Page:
floggingdavy
Participant
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i grew up in an area that had 2 circles within about 4 miles of one another, both on route 30. each had a different yield rule. One gave right of way to the people in the the circle (or square as we call them) and the other gave it to whoever was on Rt 30 when they entered. the locals knew the deal and it worked well, but for people unfamiliar with them it could become a little dicey since they werent clearly marked with the proper etiquette.

i toured europe a few summers ago and really enjoyed riding around the roundabouts. it sure beat a traffic signal, especially if i was making a left.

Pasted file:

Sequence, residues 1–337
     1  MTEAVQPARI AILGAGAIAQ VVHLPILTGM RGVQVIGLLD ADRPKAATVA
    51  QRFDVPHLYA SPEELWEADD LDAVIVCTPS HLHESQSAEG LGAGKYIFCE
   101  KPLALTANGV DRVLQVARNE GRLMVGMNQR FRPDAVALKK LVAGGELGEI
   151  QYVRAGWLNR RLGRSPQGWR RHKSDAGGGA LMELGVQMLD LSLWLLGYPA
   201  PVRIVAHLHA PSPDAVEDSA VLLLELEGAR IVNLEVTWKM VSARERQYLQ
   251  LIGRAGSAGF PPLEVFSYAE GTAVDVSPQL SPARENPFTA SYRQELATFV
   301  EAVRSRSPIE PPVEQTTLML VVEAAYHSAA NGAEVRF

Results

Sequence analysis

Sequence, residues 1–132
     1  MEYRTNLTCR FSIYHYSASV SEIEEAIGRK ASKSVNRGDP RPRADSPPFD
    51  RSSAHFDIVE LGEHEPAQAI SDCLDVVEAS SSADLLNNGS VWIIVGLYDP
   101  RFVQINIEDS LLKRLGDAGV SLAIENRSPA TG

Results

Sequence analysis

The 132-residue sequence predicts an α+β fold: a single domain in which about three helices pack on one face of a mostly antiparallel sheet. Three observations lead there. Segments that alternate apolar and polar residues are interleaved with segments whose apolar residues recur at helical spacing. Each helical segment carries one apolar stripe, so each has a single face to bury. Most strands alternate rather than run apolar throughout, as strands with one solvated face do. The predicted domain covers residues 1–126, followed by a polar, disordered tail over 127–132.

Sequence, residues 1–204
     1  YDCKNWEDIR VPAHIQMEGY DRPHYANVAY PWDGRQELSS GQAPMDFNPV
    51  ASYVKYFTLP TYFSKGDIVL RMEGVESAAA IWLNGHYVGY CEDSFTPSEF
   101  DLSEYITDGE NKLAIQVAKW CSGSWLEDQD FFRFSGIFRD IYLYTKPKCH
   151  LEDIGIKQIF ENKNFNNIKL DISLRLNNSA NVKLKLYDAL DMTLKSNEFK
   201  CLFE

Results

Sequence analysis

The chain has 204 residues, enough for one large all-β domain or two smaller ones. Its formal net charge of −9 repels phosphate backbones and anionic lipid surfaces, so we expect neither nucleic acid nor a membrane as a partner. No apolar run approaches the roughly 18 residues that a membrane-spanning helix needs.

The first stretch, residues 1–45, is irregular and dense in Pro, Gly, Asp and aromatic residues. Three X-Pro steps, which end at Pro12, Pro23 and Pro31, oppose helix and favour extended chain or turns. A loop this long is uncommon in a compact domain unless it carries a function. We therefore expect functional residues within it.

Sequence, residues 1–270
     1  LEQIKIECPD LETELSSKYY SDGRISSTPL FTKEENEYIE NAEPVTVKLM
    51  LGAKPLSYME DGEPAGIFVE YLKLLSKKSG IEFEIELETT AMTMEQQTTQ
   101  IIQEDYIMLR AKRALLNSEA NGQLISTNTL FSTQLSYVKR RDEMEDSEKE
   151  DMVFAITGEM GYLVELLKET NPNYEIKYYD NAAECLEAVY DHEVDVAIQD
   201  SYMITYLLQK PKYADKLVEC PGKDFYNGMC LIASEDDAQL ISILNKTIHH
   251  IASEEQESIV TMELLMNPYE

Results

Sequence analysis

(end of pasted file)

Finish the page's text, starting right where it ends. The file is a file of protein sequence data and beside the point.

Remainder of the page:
im all for traffic circles, but i think drivers need to be properly informed on how to react to them, especially when you throw a cyclist into the equation.


brian j
Participant
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I agree with Dave–the one at the Frick can be dicey because people see an intersection with no stop signs and think they can just go. The others at the intersection with Linden and Thomas, for example, have stop signs, which make them a bit more sane. Of course, the stop signs kinda defeat the purpose of the roundabout….


alankhg
Participant
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Yield signs do the trick.


edmonds59
Participant
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There’s a super heavily travelled one in Clearwater Beach, Fl, that works really well. I think I need to go do some research.